JACKSON TWP., Pa. - In the community of Enders, there's little need to raise a stink, because the smell speaks for itself.
"[It] reminds you of a porta-potty, almost a burning smell," said John Enders, a resident.
"My two-year-old granddaughter, when we're driving through town, she holds her nose and says, 'Stinks,'" added Rose Sharp.
The smell comes from a neighboring farm that, in 2017, was approved to spread biosolids, or human waste, over farmland.
"With the snow and the water, the rain we've had here lately, we all have personal wells out here, so there's no water treatment system, so this runoff getting into the wells is going to be an issue," said resident Wanda Latshaw.
Latshaw says many residents near the farm have complained of digestive and respiratory problems.
"I have asthma, said Enders. "I've noticed more problems this year in dealing with it, seems like it's flaring up more and making it worse than it normally is."
Other neighbors, like Sharp, have had to put their dreams on hold until the smell abates.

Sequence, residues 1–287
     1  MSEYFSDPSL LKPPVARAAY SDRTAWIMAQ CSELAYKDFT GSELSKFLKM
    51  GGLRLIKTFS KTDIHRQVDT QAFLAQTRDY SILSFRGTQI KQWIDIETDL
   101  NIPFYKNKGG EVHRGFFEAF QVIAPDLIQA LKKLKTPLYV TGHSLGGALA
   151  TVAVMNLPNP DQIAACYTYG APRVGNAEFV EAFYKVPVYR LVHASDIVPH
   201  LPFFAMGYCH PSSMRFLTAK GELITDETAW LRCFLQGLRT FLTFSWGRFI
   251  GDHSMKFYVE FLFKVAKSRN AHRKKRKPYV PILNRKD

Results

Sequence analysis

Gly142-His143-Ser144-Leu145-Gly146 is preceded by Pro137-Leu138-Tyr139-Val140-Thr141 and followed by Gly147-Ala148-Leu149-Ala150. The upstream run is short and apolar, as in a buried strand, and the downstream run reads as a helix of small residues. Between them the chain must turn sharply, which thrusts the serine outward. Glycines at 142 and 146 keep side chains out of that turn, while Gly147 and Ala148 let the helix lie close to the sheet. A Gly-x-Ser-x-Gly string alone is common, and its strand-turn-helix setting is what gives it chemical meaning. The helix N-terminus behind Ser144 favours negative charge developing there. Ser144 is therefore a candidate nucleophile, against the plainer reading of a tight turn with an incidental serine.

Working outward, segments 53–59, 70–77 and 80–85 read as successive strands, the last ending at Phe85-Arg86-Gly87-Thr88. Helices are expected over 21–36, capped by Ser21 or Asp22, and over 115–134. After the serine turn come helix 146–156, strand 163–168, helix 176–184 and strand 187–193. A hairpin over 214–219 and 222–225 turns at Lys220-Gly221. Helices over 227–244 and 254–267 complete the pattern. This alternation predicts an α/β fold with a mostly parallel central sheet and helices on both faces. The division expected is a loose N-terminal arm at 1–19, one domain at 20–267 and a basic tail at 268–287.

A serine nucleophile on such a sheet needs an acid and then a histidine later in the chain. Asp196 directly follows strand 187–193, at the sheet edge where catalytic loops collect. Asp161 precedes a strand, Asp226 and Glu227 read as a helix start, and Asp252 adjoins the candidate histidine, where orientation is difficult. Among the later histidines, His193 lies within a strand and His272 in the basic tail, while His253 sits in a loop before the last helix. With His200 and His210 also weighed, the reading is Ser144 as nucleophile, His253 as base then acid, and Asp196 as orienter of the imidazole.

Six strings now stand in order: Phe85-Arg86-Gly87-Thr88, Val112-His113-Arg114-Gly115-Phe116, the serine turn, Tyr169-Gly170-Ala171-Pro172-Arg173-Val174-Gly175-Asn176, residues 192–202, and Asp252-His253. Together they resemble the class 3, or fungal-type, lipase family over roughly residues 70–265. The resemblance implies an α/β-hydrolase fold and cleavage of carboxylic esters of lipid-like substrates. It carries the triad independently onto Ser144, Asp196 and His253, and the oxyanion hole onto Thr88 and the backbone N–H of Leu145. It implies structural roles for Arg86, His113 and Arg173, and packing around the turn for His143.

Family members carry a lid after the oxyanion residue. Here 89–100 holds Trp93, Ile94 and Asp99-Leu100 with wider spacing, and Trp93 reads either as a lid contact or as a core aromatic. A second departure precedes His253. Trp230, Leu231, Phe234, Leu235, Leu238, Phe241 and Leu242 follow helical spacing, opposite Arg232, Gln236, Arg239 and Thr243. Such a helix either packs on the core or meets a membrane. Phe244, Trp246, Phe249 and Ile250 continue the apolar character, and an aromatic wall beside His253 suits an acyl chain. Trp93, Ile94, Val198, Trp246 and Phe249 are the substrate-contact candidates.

"We've been fixing [the house] up for 20 years," she said. "Our dream was to do a B&B here, and who wants to come to a B&B to smell stink? It's just a shame."
The farm's owners did not respond to FOX43's requests for comment. The Department of Environmental Protection is aware of the situation, but aside from some minor violations, it has told neighbors the farm is within regulations.
"The guys making these regulations, I have a feeling, sit behind a desk," Latshaw said. "They are not out here in the country and seeing what actually goes on with the spreading of this biosolid."
Community members are circulating an online petition in hopes of getting the farm to stop spreading biosolids. They intend to present it to township supervisors at a meeting next month.